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Wednesday deadline to mail back ballots in Tucson's Prop. 412 special election

Wednesday deadline to mail back ballots in Tucson's Prop. 412 special election

City franchise deal with TEP only question put to voters

Wednesday is the suggested deadline for voters to return ballots by mail in Tucson's special election to approve or refuse a new franchise agreement with Tucson Electric Power.

289,770 ballots in the all-mail election were sent out last month, addressed to each registered voter in the city. Just more than 44,500 had been returned as of Monday. Election Day is next Tuesday, May 16.

If you don't send back your ballot in the mail by Wednesday, you can drop it off in person at the City Clerk's Election Center, the Pima County Recorder's Office, or on Tuesday at one of the voting locations set up in each ward.

Voting locations

(All sites open 6 a.m.-7 p.m. on Election Day.)

  • City Clerk's Election Center — 800 E. 12th St., Mon-Fri, 8 a.m.-5 p.m.
  • Pima County Recorder's Office, Downtown — 240 N. Stone Ave., Mon-Fri, 8 a.m.-5 p.m.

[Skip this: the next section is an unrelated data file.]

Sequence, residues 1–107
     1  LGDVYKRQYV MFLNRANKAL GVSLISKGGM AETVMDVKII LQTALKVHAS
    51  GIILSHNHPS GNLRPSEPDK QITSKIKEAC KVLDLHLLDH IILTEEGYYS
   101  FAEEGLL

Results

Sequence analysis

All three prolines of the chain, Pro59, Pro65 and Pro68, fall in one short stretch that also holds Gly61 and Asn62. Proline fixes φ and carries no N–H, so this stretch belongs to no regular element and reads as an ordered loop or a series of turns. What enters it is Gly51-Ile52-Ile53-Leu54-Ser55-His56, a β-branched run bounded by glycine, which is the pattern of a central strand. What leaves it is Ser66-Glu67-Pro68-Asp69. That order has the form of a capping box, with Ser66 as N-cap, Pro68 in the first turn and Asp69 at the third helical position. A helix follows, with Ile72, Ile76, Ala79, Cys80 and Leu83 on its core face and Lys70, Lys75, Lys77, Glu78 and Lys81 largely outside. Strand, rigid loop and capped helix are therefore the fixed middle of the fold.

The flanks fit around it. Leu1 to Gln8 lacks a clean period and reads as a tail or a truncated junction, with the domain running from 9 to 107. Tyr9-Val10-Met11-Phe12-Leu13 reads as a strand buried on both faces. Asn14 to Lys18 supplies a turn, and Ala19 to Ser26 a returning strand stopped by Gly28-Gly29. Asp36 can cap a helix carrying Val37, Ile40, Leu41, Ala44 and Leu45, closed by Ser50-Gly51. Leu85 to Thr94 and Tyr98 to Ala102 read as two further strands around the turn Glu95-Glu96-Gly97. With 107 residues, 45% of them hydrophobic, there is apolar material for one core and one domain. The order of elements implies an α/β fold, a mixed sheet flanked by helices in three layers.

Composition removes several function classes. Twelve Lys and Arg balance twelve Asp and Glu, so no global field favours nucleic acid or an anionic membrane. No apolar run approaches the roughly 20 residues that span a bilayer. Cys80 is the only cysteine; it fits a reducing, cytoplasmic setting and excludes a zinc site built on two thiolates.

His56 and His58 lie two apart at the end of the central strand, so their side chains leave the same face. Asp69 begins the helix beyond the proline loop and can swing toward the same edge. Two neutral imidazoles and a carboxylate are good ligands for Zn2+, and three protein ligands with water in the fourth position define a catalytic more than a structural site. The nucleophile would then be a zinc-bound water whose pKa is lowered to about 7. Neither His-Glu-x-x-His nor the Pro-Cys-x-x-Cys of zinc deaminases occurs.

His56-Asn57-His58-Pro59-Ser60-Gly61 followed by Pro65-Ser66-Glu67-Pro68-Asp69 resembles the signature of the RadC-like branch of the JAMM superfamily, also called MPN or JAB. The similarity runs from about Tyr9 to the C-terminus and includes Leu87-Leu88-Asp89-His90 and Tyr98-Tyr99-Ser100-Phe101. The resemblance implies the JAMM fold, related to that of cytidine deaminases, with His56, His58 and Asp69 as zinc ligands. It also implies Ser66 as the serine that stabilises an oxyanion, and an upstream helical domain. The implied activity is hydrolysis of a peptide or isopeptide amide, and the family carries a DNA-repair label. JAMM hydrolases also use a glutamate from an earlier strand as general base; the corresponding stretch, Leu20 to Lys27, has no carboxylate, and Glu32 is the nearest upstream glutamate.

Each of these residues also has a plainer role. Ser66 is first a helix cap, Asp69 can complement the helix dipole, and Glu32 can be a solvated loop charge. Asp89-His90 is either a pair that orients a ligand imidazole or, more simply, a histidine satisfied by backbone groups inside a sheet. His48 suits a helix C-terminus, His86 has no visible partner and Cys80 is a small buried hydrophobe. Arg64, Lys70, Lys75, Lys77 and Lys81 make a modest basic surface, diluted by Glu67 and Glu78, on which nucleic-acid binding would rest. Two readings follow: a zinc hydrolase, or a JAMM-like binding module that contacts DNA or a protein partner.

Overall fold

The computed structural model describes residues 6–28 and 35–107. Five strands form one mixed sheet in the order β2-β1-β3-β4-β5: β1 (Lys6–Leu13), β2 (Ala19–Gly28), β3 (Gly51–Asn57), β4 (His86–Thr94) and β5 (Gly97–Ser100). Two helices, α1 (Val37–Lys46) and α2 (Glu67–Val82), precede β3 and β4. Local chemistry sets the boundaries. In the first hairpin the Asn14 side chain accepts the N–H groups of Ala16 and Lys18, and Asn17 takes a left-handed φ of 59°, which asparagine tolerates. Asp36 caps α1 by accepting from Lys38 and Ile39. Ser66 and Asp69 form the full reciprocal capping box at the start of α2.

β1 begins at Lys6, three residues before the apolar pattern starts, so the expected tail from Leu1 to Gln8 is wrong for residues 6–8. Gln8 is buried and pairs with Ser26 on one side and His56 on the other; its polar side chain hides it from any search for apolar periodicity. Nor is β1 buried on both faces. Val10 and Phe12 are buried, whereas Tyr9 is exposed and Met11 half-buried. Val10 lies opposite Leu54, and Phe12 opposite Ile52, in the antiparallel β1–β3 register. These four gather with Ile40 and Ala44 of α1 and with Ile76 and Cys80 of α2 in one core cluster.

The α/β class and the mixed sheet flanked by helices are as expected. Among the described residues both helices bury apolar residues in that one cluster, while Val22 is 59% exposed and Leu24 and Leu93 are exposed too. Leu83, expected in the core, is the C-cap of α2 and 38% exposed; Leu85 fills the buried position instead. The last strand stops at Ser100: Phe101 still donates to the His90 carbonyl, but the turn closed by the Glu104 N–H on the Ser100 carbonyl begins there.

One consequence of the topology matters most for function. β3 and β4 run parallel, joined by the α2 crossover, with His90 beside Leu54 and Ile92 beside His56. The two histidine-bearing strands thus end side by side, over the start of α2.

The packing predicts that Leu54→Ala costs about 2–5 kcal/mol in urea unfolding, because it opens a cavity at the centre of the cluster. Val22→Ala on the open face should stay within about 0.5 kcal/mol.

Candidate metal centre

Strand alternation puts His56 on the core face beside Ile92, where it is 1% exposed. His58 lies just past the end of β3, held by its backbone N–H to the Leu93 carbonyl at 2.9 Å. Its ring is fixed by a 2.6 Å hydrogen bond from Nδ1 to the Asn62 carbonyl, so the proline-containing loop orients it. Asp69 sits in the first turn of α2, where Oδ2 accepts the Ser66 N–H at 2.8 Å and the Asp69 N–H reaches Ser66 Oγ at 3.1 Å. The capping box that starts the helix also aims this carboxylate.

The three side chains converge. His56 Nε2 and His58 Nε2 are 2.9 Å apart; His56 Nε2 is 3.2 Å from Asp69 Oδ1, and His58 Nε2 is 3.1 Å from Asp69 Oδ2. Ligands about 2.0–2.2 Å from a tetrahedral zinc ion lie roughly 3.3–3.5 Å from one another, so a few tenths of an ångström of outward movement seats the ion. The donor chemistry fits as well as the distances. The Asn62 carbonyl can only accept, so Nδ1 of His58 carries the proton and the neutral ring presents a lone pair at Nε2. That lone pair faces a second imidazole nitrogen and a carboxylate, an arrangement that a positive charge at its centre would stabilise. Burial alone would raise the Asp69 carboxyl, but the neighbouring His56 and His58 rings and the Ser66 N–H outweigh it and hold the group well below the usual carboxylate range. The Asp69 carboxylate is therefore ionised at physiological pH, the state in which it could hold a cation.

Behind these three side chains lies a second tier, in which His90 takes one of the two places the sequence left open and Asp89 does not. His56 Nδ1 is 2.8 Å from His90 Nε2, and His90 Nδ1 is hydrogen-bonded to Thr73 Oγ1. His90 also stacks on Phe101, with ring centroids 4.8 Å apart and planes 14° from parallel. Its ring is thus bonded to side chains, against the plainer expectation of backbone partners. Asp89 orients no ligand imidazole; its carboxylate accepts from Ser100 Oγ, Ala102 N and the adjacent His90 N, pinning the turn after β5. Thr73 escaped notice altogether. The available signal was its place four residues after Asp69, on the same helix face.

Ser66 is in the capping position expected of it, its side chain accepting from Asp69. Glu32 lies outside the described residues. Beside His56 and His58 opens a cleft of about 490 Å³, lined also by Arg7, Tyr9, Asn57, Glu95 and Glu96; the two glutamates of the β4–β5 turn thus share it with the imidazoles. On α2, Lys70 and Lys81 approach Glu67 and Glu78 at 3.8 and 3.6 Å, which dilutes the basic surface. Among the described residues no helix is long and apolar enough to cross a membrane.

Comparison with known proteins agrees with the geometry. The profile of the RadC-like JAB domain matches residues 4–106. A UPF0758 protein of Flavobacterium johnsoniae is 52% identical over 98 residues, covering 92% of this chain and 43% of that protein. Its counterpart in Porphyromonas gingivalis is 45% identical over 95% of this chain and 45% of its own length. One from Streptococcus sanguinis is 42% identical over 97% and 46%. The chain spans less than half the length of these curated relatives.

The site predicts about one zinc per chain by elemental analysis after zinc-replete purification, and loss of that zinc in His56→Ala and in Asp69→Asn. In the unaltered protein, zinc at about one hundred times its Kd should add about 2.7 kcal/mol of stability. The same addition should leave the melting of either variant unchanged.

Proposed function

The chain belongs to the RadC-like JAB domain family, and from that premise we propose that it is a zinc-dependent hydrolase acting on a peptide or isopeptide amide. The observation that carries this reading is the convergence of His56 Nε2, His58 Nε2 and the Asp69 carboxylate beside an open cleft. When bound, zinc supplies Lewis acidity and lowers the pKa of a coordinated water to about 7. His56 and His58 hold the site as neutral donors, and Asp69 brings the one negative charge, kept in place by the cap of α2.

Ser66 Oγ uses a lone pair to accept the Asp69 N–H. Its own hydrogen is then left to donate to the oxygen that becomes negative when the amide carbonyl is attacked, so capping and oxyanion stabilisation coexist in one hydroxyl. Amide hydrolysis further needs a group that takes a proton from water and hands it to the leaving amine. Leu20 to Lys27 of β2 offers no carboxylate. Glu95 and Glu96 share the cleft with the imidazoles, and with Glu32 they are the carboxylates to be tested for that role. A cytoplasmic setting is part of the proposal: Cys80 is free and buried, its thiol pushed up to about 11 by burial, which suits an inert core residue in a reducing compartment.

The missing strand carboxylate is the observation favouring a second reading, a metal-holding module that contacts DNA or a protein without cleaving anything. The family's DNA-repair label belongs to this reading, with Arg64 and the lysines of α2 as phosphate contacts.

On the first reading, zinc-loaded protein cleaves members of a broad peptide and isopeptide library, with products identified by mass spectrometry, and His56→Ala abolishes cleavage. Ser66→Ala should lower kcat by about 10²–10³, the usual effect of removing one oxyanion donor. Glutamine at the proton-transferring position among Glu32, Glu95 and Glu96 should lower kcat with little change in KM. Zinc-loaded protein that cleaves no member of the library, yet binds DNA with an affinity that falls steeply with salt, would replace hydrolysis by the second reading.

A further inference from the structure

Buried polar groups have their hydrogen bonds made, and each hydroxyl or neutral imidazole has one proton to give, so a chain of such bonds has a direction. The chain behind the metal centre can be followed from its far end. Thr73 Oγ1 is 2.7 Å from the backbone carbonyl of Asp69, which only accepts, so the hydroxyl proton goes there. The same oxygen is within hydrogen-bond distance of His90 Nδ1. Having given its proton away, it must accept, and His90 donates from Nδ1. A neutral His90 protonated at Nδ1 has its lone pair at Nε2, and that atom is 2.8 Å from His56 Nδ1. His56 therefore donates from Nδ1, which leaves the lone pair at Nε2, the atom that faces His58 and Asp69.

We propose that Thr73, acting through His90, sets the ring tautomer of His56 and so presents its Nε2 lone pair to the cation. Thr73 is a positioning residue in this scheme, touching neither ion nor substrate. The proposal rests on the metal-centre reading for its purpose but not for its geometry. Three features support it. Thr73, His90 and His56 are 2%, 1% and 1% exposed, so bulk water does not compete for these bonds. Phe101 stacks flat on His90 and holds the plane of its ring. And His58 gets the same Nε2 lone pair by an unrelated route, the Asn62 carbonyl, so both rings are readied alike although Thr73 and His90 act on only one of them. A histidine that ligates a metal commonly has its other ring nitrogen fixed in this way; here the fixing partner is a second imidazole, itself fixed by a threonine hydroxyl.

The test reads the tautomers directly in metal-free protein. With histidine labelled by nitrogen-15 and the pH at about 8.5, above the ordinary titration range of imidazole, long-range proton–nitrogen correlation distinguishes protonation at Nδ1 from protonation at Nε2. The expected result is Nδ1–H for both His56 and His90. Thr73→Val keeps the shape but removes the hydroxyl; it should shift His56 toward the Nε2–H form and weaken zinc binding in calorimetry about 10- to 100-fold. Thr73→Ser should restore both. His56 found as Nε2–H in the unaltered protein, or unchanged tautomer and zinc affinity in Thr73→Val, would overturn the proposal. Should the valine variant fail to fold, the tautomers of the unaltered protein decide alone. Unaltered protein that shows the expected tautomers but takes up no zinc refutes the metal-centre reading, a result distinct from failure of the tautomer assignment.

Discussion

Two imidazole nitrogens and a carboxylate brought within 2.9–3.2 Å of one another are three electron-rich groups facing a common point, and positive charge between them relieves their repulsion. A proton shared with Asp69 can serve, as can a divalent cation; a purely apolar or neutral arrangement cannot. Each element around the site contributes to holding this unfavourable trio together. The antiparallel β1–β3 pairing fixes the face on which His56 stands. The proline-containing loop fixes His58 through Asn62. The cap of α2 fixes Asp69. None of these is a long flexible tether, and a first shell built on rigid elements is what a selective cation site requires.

• Pima County Recorder, Elections Dep't — 6550 S. Country Club Rd., Mon-Fri, 8 a.m.-5 p.m.
  • Department of Housing and Community Development — 310 N. Commerce Park Loop, Tuesday, 6 a.m.-7 p.m.
  • Morris K. Udall Regional Center — 7200 E. Tanque Verde Rd., Tuesday, 6 a.m.-7 p.m.
  • Donna R. Liggins Recreation Center — 2160 N. 6th Ave., Tuesday, 6 a.m.-7 p.m.
  • William Clements Recreation Center — 8155 E. Poinciana Dr., Tuesday, 6 a.m.-7 p.m.
  • El Pueblo Senior Center — 101 E. Irvington Rd., Tuesday, 6 a.m.-7 p.m.
  • Parks and Recreation Administration, Randolph Park — 900 S. Randolph Way, Tuesday, 6 a.m.-7 p.m.

The single issue on the ballot in the spring special election is a renewal of an agreement granting access privileges to TEP inside the city limits.

Voters will determine is the franchise agreement will be extended for another 25 years, including an existing 2.25% fee on monthly electric bills for TEP customers within the city, and a new 0.75% "community resilience fee."

The agreement only applies inside the Tucson city limits, and only registered voters in the city can cast ballots in the election.

If Prop. 412 is approved by voters, the additional revenue would be used to put some new power lines underground, and pay for some activities under the city's Climate Action Plan.

The new fees will cost about $1 per month for residential customers, and about $2.65 monthly for small businesses, city and TEP representatives projected.

The city of Tucson conducts elections by mail, with a limited number of drop-off locations open on Election Day.

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city council, election, prop 412, tep

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